Information about the novel Thanksgiving and the autor
Odeon, June 2021, 560 pages (85 chapters)
At the end of the 2020’s, an illness called Thanksgiving deprives all men on the planet of their sexuality and ability to reproduce. Frantisek Zabrana, a Roman Catholic priest, finds out that he is immune to the illness. He falls in love with Marie, a psychotherapist, but she mysteriously disappears. The priest decides to look for her and asks for help from a young and peculiar sexton, Tomas. To save Marie, the priest must eventually enter the presidential campaign. After a series of blunders, he enters a showdown for the highest office.
“This picture is named The Hotel Room. It’s by the American painter Edward Hopper. You can’t mistake his work for anyone else’s – the rich colours, the strange mood, and especially the light. What is the first thing that comes to mind when you look at it?” asked Marie and waited. The room fell silent. “Anything that comes up. The question is simple, don’t worry about it,” she nagged the women.
“Ok, I’ll start!” Ivana Cuprova stood up abruptly and the tone of her voice seemed irritated and confrontational. “Who is Marie and why are we playing some stupid game about what we’re thinking?”
“My mistake! I should have told you more, but I thought of this as a surprise,” Frantisek raised his hands to at least partly blunt the mayor’s strike. “One thing at a time. Marie studied psychology and history of art and she’s very experienced in…”
“In what?” Cuprova interrupted him.
He pointed at the painting. “By the means of art, patients can learn to better understand what they feel, what they want, how to achieve peace of mind.”
“What do you mean by ‘patients,’ father? Are we in the parish house, or at a psychiatric clinic?” The mayor emphasized the latter.
“I’m sorry for the word ‘patients,’ that probably isn’t the right name for our community. On the other hand, we haven’t gathered here for fun,” Frantisek inhaled deeply and gestured to Marie not to interrupt his discourse with the mayor.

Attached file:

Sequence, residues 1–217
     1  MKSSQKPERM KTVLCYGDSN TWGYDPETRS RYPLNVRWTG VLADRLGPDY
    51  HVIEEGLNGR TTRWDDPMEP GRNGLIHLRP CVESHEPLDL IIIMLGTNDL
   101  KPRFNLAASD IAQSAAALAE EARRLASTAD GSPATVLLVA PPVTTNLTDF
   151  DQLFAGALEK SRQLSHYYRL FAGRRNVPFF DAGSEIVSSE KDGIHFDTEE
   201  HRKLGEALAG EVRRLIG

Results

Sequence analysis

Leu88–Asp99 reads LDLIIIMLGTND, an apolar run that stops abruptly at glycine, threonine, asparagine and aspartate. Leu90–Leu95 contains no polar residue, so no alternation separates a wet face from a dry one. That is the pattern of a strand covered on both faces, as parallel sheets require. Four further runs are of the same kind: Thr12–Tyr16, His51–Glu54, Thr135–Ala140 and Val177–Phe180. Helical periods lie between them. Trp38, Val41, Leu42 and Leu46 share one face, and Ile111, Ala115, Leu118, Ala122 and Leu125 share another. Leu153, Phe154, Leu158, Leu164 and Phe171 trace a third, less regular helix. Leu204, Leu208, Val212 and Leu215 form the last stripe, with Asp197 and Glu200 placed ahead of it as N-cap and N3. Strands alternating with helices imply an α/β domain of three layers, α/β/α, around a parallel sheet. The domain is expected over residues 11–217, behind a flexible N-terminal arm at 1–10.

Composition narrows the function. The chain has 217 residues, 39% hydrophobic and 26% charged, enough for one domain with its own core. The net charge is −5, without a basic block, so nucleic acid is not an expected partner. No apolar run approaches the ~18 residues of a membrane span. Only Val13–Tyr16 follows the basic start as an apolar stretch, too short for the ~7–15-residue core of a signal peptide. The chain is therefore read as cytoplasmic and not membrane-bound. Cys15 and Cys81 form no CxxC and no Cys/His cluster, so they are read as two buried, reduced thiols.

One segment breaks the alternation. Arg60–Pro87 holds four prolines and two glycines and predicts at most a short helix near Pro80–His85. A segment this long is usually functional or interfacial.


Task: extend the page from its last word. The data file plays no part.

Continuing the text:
However, she didn’t take the hint.
Word of the author
Díkůvzdání concentrates on the level of relationships and emphasizes our weaknesses and anxieties, rather than external restrictions of personal freedom in the vein of Orwell. It is an intimate story about love and dealing with a crisis, but also about the fact that you cannot reach God by a motorway. It is the story of a desperate man who lives among miserable women. The story has social layers, extending from the point of a village to a town, to a capitol, and up to our whole sphere of civilization. Since I aimed to address both women and men, as well as readers of different age groups, I had to work on multiple levels. Some of these are single-minded and concrete, whereas others are fully metaphorical. I tried to narrate the story so that it makes sense to anyone from Europe, without being barred by geographical differences.
Václav Holanec, born in 1970. Graduated Film Studies at the Charles University, Prague.
From the year 1990, he wrote for newspapers and magazines, and since 2001 he has focused on screenwriting and literature. He wrote scripts for the TV films Stříbrná vůně mrazu (Silver Scent of Frost) and Malý terorista (The Little Terrorist), as well as for the miniseries Soukromé pasti (Private Traps), Nepolepšitelný (Incorrigible) and the fairytale Dům U Zlatého úsvitu (The House of the Golden Dawn). He co-authored several documentaries (for example, the series Národní klenoty (National Treasures)) and collaborated on the Universum encyclopedia.
He wrote the book 99 filmů moderní kinematografie (99 Films of Modern Cinematography) and started his career as a novelist with Herci (Actors, 2012).
2005 Český lev (Czech lion) – Sazka Award 2004 for non-filmed screenplay: Stříbrný Orfeus (The Silver Orpheus)
2008 Český lev (Czech lion) – Sazka Award 2007 for non-filmed screenplay: nominated
2012 Literární cena Knižního klubu (Book Club Literary Award) for the novel Herci (Actors)